That isn’t to say dude ranches never embrace new technologies. Take the solar panels soaking up rays outside Goosewing Ranch in Jackson, Wyoming, or the hydroelectric generator at Diamond D Ranch in Stanley, Idaho. In fact, the Dude Ranchers’ Association requires some form of environmental footprint reduction as a prerequisite for becoming a member.

But Sally points out another, less measurable way that dude ranching fosters environmental sustainability. “Something that is undervalued when it comes to our impact on conservation,” she says, “is our guests get to take rides in the country and learn to value a place that’s very different from where they come from. That would benefit the community should we ever have a threat to the area and need people to speak up about why this kind of place is special.” This is the same tactic the National Park Service has been using for years to instill a sense of urgency for conservation in park visitors: to care about something enough to fight for its protection, you have to see it for yourself.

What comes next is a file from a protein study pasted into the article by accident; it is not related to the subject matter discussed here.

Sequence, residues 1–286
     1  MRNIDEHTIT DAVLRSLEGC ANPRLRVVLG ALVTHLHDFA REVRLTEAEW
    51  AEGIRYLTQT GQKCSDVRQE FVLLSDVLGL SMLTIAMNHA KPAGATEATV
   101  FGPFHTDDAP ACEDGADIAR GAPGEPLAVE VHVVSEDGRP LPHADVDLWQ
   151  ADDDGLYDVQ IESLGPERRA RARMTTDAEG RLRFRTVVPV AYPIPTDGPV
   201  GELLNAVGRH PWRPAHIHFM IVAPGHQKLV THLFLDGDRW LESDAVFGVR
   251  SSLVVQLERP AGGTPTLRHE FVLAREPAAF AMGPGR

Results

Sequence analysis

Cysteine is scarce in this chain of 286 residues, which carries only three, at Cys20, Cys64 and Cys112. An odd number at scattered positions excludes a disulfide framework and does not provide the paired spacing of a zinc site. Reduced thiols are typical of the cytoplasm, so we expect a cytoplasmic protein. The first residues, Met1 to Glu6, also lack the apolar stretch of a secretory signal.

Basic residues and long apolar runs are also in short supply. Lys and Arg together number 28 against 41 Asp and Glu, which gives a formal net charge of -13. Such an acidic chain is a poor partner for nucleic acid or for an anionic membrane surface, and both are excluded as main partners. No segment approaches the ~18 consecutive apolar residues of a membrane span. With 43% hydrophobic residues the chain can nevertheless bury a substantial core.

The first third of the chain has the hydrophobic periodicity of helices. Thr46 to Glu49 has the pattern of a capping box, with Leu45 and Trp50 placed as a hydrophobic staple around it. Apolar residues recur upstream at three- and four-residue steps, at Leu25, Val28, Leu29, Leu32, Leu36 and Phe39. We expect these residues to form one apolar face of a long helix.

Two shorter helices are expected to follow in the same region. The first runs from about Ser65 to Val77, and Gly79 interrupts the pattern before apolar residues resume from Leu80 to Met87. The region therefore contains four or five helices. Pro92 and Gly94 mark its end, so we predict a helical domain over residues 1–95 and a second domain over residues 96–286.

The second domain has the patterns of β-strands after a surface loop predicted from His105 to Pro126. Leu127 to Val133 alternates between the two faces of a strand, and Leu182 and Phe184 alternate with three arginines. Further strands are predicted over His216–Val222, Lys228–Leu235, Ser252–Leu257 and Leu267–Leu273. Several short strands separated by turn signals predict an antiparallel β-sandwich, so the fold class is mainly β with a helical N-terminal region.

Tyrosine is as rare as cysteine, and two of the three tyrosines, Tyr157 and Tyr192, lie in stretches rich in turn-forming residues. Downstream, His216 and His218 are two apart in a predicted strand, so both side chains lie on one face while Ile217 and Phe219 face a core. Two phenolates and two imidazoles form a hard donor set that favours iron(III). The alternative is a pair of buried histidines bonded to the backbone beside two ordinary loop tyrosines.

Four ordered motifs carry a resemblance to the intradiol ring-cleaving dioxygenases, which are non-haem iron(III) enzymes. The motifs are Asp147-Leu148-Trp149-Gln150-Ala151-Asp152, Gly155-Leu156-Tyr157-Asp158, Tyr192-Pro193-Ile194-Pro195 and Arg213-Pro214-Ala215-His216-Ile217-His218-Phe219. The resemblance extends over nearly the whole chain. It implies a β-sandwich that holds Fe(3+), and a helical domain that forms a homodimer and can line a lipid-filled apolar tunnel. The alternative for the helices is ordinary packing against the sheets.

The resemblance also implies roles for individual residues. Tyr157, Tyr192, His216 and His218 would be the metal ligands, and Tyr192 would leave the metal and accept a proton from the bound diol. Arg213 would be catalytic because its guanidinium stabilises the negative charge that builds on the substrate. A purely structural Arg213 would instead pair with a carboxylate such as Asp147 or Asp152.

When it comes to the second pillar of sustainability—economics—the industry is often “overlooked,” according to Bryce. “It doesn’t get the recognition,” she says of dude ranching’s economic impact. “Tourism organizations frequently overlook dude ranches because they don’t think it’s very big, but if you look over the past couple of years, they were probably some of the most visited vacation destinations in the US.”

It’s true that compared to tourism that brings people to stay and spend money in mountain towns, dude ranching’s contribution to a shared local economy may be smaller. Guests at the Kelseys’ ranch might eat a meal or two in Bozeman or spend a weekend in Yellowstone, and locals may find seasonal work on the ranch as wranglers, cooks, or housekeepers. But the economic contribution outside of the ranch itself is relatively humble.